Researchers at MIT and the DOE’s Brookhaven National Laboratory have developed a method for stabilizing the interfaces between the electrolyte and cathodes in solid-state batteries during the sintering process.
Based on research reported in Advanced Energy Materials, the team found that when temperatures are above a few hundred degrees Celsius, carbon dioxide and reactions unfold that increase resistance at the interfaces between the electrolyte and cathode. The team also found that performing sintering in a pure oxygen atmosphere devoid of carbon dioxide could create strong bonding at up to 700 degrees Celsius. The researchers say their method matches the bonding performance of the best-coated surfaces.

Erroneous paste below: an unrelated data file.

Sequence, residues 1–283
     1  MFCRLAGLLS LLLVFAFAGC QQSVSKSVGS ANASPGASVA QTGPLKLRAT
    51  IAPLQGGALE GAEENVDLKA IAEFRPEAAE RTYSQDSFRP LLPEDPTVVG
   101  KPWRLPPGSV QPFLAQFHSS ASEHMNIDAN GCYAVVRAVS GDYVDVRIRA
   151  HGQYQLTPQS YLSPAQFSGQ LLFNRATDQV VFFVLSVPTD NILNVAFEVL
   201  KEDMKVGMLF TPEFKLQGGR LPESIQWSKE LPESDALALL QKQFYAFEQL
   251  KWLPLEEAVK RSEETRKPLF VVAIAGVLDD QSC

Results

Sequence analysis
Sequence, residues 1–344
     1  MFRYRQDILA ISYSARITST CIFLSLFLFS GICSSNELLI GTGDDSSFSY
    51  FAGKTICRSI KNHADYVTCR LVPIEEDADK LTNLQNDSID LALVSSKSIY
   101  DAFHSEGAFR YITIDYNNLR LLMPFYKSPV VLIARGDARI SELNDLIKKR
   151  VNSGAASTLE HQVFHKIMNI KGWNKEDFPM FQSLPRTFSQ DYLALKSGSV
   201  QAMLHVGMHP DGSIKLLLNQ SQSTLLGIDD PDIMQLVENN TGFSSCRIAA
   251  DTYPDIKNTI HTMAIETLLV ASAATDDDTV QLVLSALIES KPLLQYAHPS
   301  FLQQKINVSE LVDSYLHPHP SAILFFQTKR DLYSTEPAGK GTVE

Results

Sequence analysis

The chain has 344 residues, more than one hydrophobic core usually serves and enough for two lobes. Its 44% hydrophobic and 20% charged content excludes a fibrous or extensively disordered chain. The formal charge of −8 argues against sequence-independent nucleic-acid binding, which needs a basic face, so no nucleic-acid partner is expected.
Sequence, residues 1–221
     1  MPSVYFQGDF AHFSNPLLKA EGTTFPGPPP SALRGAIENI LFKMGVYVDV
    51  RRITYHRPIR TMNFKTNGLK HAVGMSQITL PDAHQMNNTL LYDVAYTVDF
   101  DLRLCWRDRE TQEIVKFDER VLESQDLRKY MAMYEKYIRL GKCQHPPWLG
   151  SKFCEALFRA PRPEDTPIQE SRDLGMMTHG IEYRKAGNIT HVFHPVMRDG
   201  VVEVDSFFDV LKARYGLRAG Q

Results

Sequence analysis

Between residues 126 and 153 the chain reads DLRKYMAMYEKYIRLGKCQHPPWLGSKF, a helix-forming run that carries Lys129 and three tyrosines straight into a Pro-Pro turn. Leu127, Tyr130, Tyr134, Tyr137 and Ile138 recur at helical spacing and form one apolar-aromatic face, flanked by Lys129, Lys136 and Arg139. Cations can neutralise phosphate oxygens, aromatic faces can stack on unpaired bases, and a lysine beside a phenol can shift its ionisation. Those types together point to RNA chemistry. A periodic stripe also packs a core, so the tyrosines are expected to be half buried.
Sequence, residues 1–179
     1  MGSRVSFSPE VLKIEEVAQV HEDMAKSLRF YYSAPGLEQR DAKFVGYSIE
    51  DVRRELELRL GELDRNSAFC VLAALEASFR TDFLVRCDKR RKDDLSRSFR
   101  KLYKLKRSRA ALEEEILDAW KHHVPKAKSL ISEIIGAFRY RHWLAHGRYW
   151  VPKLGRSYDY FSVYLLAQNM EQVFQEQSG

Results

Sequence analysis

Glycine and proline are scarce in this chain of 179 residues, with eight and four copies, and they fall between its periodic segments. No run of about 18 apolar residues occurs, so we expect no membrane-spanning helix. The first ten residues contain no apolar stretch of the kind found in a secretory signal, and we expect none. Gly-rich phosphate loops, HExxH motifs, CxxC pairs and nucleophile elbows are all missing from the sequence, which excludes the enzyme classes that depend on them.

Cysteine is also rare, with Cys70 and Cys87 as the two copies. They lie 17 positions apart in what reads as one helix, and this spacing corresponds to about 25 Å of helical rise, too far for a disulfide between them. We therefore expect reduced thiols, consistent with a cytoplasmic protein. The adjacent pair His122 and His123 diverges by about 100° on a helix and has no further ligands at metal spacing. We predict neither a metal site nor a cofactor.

“We are finding that you can avoid that additional fabrication step, which is typically expensive,” said researcher and MIT Professor Bilge Yildiz. Also, the team’s calculations suggest that the cost of integrating their method into existing battery manufacturing lines would be negligible.
The team is now studying how the bonds perform over many battery cycles.
Source: MIT News